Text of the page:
• R/C Transmitter (Tx) as a virtual joystick, no extra components

    02/02/2022 at 22:37 5 comments


    Use the pin-invert function on an FT232 to read an S.BUS stream into a PC without needing extra components to invert the signal. Thereby, take the S.BUS output of an R/C Tx/Rx and pipe it straight into vJoySerialFeeder which parses the packets and maps the values to a virtual joystick for flight-sim or any other use. 


    If you want to practice "flying" without crashing your real model, you can use a simulator. The best sim practice comes from having your real Tx in your hands, so you can build reflexes with the same sticks and switches you'll be using later. So you want to connect the Tx to the computer somehow. 

    This should be pretty straightforward, as all modern R/C transmitters are computerized, so once the ADCs have done their thing reading the stick positions, all you need is to grab the data, right? 


    More expensive transmitters have this function built in; just connect a USB cable and voila, it enumerates as.... something, perhaps a HID joystick? I don't know; I don't own one of those. 

    But there's a very simple way to do it, even with the very cheapest radio on the market. 

    First, some history. 

    I'm new to RC so researching this writeup has been a way of teaching myself some history. I've surely gotten some details wrong (comment below!), but in broad strokes, this is my understanding of how we got where we are: 

    Old-school R/C Tx: Producing a PPM pulse-train.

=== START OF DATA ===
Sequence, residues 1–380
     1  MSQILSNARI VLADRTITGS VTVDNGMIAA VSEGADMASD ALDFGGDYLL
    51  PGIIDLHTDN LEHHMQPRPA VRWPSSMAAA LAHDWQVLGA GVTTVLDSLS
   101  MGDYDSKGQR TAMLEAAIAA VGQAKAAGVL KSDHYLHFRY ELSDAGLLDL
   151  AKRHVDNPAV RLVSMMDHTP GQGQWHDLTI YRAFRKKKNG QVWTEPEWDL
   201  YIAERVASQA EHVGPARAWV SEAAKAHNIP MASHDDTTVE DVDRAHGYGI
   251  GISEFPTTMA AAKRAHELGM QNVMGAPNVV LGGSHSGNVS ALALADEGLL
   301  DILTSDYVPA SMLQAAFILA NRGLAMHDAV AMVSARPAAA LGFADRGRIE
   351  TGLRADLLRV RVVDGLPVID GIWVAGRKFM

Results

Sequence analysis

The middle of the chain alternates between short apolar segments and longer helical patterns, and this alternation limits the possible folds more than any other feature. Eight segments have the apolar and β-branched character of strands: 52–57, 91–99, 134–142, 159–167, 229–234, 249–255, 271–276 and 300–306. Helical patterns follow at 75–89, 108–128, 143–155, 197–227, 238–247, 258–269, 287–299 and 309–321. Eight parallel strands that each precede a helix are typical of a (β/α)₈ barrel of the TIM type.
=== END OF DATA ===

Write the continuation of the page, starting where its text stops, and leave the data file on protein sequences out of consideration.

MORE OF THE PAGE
Very old (WWII-era) Radio Control schemes used multiple radio frequencies, or "channels", one per function. Each control stick or button was almost its own transmitter, with a corresponding pile of receiver channels on the model (or target drone, as the case may be). 

    Then (perhaps in the 60s or 70s?) someone figured out multiplexing: By connecting each stick to the transmitter in turn, all the control values could be encoded as pulses onto a single FM radio channel, round-robin style, many times per second. But the nomenclature of counting sticks as "channels" had stuck, and has been a misnomer ever since. 

    The way this worked isn't too important but it's interesting: Take the ubiquitous 555 timer, and connect it as a one-shot. Its pulse width is determined by a resistor and a capacitor. Variable caps are expensive and awkward, but variable resistors are cheap and easy! So by using a fixed cap, and measuring the time it takes the timer to cycle (the width of the pulse), you can determine the (relative) position of the resistor. 

    Side note, the PC Joystick!

    This, incidentally, is exactly how the original PC game (joystick) port worked: 


    and https://www.epanorama.net/documents/joystick/pc_joystick.html

    And the Rx: Slices that up and hands each pulse to a servo. 

    On the air (or within the baseband multiplexed stream), the pulses representing each control are all run one after another, and the position of each pulse encodes its value, hence the name Concatenated Pulse Position Modulation. 

    When it's sliced up and each pulse goes to its individual servo, there's just one pulse, and its width represents the value, so in that form it's called Pulse Width Modulation. 


    Some vintage Tx/Rx schematics here: https://norcim-rc.club/Radio9a.htm 

    The "trainer port" and the "buddy box", standardizing CPPM.

    So, radio-wise, the modulated carrier is pretty straightforward. But it never exists as a baseband signal outside the Tx or Rx. Or does it? 

    Prior to PCs that could run flight-sims, the way to train as a new pilot was a "buddy box", a way for two pilots to hold two controllers, but only one was transmitting to the model. The trainee's Tx (with its actual radio turned off) would output its CPPM signal via a jack on the back of the unit, and the trainer's Tx would take that in and use...

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